/ Istanbul / Places to Visit / S. Antonio di Padova Catholic Church
Although not at the size of Hagia Sophia, this is the largest church (still used for religious activities) in Turkey.
Although not at the size of Hagia Sophia, this is the largest church (still used for religious activities) in Turkey. It's directly on Istiklal St, but somewhat hidden from view by its yard portal. Masses in Italian, Turkish, and English (in different days of the week).
Tomtom Mh., İstiklal Avenue No:171, Estambul, Turkey
+90 212 244 09
Pera Museum is a private museum with a large collection of Turkish Orientalist paintings, archaeological finds of Anatolian measurement units and tools used in Asia Minor since antiquity, and faiences of Kütahya
A neo-gothic anglican cathedral which would not be out of place in northwestern Europe, Crimean Memorial Church was built for the protestant community of the city by Britain in late 1800s
A dancing hall of the mystical Mevlevi order, shut down in 1925 along with all other 'reactionary' movements in Turkey
It was built by the Genoese on the city walls of Galata, then a western (Genoese/Venetian) stronghold beside eastern (Byzantine/Ottoman) Constantinople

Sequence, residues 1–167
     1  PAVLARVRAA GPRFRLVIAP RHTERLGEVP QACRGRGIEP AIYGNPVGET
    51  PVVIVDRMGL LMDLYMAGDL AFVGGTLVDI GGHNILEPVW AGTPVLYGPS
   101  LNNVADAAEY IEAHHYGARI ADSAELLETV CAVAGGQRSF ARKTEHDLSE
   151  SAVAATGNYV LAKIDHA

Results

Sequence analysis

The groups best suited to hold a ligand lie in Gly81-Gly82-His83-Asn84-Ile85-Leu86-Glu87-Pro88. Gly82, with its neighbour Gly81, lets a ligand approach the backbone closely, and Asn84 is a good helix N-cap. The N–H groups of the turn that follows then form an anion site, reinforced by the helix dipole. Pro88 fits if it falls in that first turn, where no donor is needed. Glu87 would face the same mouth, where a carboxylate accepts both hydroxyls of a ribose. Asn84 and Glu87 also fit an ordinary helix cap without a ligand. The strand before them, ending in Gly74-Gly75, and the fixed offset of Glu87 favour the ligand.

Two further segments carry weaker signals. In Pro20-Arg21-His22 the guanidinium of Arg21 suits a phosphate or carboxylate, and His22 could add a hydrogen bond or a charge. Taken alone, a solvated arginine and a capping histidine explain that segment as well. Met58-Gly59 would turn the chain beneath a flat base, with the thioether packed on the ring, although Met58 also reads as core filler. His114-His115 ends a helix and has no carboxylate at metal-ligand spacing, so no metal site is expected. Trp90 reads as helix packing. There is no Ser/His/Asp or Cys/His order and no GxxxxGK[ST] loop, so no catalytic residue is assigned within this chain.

Finding a quite large and still operating church on the edge of the main square of the largest city of a predominantly Muslim country may not be expected by everyone, but this is exactly the definition of the quite elaborate Hagia Triada
They have good art exhibits for free and sometimes have French films in the cinema
A must see for anyone interested in contemporary Turkish art, this is a nice, organized museum with contemporary installations
This park was royal hunting grounds in the past
The Basilica Cistern, also known as ‘Yerebatan Cistern’ or Sunken Cistern, is the largest of the several hundred ancient cisterns that lie beneath Istanbul, with a holding capacity of 80,000 m3
While this partially intact marble pillar dating back to 4th century AD may seem unremarkable, it was the starting point of any distance measured within the empire during the Byzantine era, so it may be nice to think that you are in the centre of where all the roads lead to (or, rather, start from)